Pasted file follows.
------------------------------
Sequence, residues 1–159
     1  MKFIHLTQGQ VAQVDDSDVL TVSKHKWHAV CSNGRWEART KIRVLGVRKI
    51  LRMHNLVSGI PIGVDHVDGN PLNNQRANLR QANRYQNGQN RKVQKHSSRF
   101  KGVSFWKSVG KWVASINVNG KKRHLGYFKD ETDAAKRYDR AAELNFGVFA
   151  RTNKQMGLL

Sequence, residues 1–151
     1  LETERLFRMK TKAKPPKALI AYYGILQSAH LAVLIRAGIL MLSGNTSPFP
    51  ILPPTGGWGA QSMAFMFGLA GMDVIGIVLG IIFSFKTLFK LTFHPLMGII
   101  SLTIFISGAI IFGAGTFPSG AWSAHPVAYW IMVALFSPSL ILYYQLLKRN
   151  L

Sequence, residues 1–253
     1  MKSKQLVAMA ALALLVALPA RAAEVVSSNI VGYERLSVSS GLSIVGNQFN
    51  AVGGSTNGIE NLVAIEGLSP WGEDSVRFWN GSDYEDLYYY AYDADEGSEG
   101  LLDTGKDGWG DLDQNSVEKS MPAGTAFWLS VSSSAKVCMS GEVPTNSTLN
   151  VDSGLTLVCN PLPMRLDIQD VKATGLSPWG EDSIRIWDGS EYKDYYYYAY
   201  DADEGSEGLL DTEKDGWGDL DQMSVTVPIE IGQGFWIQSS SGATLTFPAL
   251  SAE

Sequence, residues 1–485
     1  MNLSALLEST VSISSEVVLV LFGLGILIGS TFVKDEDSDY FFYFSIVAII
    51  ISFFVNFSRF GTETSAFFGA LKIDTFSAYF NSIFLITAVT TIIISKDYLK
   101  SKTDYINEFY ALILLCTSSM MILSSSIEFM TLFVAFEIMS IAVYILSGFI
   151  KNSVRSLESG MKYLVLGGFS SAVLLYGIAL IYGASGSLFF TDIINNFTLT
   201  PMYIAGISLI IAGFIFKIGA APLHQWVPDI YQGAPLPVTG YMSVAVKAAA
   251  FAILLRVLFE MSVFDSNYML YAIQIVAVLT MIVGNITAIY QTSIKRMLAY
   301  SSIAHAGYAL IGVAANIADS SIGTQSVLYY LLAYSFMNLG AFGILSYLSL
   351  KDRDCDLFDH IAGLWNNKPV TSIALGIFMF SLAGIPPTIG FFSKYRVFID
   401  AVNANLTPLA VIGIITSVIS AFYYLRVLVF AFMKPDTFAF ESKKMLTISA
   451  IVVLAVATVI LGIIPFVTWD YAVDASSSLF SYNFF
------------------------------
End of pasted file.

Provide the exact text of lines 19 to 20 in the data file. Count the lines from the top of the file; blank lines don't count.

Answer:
     1  MNLSALLEST VSISSEVVLV LFGLGILIGS TFVKDEDSDY FFYFSIVAII
    51  ISFFVNFSRF GTETSAFFGA LKIDTFSAYF NSIFLITAVT TIIISKDYLK